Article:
At about that time, I knelt down by my bed and was led to pray the following prayer: “Lord, whoever you want me to get married to, … please make sure she doesn’t marry someone else!” For, unbeknownst to me, this same woman that God had reserved for *me* was on the verge of becoming engaged to another man! (Of course, I knew nothing about this; I did not even assume that I was going to necessarily get married to my former girlfriend. But the prayer, of course, was led by God!) Now around that time, I had a DREAM in which I picked up the phone and the “telephone operator” said to me, “Collect call from MARY, do you ACCEPT the call?” “Yes, I said!” Then I heard Mary’s beautiful voice for about 10 minutes (it was really “her voice!”) and she told me where she was — that is, she gave me directions and all on how to get there. As it turned out, in real life, I had to call her former roommate — where she used to live in Montreal — to find out that she had moved to another city, Ottawa, Ontario, Canada, where we both now live, since being married in October of 1992 (keep reading the story!). But, true to the dream, you might say, once I contacted her, it was she who gave me explicit directions on where to meet.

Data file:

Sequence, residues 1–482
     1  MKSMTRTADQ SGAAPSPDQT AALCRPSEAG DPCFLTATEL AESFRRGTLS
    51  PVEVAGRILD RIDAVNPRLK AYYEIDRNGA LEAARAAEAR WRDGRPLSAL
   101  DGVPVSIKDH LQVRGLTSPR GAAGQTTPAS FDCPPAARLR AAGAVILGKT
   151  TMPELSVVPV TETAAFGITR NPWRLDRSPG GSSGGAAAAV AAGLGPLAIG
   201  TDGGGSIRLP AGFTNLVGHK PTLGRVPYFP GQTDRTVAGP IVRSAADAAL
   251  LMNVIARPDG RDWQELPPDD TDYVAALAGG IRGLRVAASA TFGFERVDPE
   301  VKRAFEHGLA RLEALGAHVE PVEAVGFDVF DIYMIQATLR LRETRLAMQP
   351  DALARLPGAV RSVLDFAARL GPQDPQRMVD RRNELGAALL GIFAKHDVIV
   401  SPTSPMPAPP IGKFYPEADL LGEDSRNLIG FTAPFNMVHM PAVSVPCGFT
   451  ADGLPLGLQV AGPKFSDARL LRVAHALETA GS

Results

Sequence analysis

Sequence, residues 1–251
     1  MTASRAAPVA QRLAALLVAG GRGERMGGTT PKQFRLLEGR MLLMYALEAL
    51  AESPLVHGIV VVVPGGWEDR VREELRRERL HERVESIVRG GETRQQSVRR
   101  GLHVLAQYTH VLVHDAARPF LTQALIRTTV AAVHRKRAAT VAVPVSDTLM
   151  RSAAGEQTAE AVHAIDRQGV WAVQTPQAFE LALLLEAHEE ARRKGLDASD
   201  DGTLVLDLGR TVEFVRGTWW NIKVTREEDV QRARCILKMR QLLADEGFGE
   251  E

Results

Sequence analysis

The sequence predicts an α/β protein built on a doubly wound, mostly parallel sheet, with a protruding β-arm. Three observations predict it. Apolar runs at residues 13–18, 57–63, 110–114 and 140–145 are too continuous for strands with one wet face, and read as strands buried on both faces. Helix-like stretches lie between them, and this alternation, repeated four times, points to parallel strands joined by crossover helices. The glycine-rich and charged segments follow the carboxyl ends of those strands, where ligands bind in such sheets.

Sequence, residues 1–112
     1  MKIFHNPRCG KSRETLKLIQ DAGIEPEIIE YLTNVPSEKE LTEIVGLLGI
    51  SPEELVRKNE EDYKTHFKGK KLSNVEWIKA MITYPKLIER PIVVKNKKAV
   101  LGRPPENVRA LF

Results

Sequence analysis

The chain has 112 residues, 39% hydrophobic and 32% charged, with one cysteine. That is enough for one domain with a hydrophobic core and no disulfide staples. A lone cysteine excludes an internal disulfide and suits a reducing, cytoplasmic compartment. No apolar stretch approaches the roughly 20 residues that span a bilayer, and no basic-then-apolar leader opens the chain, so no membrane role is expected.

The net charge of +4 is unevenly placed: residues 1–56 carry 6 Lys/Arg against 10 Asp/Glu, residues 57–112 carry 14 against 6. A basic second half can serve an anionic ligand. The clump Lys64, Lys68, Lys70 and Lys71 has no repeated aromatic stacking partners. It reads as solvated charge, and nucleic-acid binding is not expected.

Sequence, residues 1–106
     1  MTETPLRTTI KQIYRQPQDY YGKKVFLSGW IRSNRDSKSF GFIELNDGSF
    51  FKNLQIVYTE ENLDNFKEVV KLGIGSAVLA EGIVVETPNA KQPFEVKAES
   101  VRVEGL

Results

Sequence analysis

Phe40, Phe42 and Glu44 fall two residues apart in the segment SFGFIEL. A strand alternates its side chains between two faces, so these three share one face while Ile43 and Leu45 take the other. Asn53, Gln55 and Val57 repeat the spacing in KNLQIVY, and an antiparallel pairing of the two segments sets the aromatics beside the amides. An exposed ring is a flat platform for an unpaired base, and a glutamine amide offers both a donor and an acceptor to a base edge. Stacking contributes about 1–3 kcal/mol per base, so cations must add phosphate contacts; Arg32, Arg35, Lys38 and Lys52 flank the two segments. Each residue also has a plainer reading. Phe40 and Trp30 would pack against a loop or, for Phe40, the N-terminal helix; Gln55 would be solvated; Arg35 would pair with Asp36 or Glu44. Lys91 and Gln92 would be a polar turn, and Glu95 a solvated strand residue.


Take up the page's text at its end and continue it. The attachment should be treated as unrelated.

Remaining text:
Now when it comes to the Bible, I take it very seriously! If something even “suggests” that I should do something, I will take it to prayer and find out “if it is from God or not”. I will try to understand it from a hermeneutic standpoint — from the point of properly interpreting scripture, in its historical, grammatical, context. I must admit, as a “zealous Christian”, and particularly as one who was insecure about the idea of getting married, I was “particularly concerned” about 1 Corinthians 7 — the passage that seemed to say that it is better for a man not to marry a woman. I did a lot of reading about that passage, and read books. Though I came to a “head understanding” in many ways, concerning what that passage taught, yet I still felt insecure until that time that God set my heart free in this critical area. The passage seemed to “condemn me” for getting married, but, you see, I was reading the passage through a “condemning, fearful set of eye-glasses”. What was binding me was the fear of God’s displeasure towards me if “I made a mistake”. How then does one get free from the “fear of making a mistake”? We need to come to know God’s loving, tender, “Father heart” towards us, as we have never known it before! That heart is a heart of acceptance. It is not a heart of acceptance towards all who want it, however. It is a heart of acceptance towards those who truly fear him, and want to do what it pleasing in his sight. Two passages bring this out: